Today, this Internet of Things (IoT) is the basis for the networking of intelligent objects (cyber-physical systems (CPS), which communicate with the digital world, i.e. they exchange information in real time via their state, capacity or site, or they report errors. This continuous exchange of data thus makes possible Industry 4.0 and therefore also the smart factory. Data is collected, analysed and processed from the systems via sensors. Finally, actors use this data to once more influence the real world. Using software, electronics and the Internet of Things, everything merges into one system, which constantly self-optimises and increases its own efficiency.
Even our value-added chains are hugely influenced by digitisation and become more transparent, constantly controlling, organising and optimising themselves. However, all of this only works if horizontal and vertical networking is guaranteed, which ensures constant, efficient data exchange between all actors.
In horizontal and vertical networking, from ERP through MES to the machines at the plant level, a wide range of data can be collected, analysed and interpreted. These findings are used to introduce process-optimised measures that allow production and business processes to be designed more efficiently.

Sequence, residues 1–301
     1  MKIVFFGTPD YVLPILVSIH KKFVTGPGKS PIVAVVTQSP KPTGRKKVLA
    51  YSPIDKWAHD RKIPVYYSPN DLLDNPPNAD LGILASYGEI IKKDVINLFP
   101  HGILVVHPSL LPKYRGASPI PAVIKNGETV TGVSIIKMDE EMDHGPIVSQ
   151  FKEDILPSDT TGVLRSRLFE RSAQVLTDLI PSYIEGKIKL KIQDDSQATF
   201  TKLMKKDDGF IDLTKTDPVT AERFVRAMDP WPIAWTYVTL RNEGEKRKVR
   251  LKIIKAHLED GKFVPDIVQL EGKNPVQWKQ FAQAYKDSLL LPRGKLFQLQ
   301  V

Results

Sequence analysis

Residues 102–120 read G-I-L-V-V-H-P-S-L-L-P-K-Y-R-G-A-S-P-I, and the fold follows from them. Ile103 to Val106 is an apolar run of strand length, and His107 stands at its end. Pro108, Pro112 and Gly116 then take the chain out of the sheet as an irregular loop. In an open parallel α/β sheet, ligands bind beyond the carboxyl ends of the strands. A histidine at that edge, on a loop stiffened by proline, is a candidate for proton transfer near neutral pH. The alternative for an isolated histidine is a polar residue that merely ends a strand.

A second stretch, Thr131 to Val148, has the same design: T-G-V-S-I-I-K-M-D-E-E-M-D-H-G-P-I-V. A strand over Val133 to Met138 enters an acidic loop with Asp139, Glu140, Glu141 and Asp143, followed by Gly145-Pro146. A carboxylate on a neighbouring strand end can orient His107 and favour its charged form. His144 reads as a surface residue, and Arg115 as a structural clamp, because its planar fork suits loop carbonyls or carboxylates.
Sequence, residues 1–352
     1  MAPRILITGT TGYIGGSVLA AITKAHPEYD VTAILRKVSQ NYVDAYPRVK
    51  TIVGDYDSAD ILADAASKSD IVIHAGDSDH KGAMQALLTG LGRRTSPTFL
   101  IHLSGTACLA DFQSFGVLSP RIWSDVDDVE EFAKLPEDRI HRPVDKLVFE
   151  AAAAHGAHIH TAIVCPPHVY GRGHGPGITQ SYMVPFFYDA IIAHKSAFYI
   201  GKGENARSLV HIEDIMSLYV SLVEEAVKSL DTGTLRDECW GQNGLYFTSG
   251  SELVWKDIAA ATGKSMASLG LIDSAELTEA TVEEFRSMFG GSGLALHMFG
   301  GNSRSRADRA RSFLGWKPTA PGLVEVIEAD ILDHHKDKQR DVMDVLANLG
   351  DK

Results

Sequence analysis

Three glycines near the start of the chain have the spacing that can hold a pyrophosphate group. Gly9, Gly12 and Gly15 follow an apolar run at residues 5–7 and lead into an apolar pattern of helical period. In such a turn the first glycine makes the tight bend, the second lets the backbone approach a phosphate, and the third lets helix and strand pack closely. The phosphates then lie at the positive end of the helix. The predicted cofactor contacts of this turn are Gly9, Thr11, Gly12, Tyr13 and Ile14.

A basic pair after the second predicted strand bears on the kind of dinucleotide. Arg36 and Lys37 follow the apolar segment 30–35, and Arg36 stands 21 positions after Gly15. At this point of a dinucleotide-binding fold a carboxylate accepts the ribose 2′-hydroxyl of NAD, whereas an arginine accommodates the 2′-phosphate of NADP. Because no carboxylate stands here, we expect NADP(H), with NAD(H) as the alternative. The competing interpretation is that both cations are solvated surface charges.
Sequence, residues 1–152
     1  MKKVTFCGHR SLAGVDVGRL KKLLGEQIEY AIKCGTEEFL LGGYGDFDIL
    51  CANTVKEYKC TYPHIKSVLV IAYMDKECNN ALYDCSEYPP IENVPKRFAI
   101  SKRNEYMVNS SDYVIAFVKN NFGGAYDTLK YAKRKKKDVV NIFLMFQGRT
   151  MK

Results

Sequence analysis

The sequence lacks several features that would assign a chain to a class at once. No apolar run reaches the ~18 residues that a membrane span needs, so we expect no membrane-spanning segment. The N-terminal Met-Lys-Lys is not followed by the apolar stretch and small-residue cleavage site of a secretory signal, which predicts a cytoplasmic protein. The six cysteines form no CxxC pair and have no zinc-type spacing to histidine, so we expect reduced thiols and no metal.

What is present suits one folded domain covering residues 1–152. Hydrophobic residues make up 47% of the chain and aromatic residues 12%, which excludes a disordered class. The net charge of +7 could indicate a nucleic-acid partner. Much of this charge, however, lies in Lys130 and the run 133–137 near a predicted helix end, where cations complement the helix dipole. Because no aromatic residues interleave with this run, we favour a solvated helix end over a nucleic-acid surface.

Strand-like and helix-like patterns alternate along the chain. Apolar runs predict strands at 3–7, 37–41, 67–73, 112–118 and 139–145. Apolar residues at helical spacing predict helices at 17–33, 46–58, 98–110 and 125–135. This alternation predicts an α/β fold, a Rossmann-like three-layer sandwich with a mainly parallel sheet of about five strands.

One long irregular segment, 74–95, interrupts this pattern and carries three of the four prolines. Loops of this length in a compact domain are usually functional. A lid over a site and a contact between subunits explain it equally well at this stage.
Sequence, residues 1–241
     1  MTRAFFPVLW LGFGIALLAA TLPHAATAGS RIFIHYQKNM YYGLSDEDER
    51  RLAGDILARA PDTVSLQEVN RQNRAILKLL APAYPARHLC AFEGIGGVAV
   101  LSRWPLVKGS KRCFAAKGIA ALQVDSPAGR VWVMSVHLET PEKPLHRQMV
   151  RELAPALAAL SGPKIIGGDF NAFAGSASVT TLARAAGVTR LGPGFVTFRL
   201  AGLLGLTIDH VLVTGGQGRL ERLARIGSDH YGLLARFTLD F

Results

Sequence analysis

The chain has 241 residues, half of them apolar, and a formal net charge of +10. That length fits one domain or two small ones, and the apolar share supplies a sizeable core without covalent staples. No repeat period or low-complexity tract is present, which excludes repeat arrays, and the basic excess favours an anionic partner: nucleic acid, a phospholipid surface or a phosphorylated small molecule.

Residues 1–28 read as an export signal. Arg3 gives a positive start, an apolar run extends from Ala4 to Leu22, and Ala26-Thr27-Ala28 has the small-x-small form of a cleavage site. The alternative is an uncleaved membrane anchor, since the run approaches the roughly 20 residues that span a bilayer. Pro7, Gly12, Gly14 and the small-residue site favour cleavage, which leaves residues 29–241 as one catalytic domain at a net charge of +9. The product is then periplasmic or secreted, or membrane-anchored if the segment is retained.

This creates vast volumes of data, so-called Big Data. This data has even been called the gold of Industry 4.0. According to a Study by Juniper Research, it is assumed that by 2022 approx. 50 billion devices, machines, products, information and communications systems, as well as controls, will communicate with each other, and are networked not only via different process levels but even beyond company borders. The real world and the virtual world are more or less one.
The next buzzword for the smart factory comes into play here: artificial intelligence (AI). AI helps to process and analyse these large volumes of data quickly and reliably. The knowledge gleaned from this data then serves e.g. to optimise processes and avoid errors (feedback, predictive maintenance), to create transparency (operative relationships, quality improvements) or to control entire value-added chains.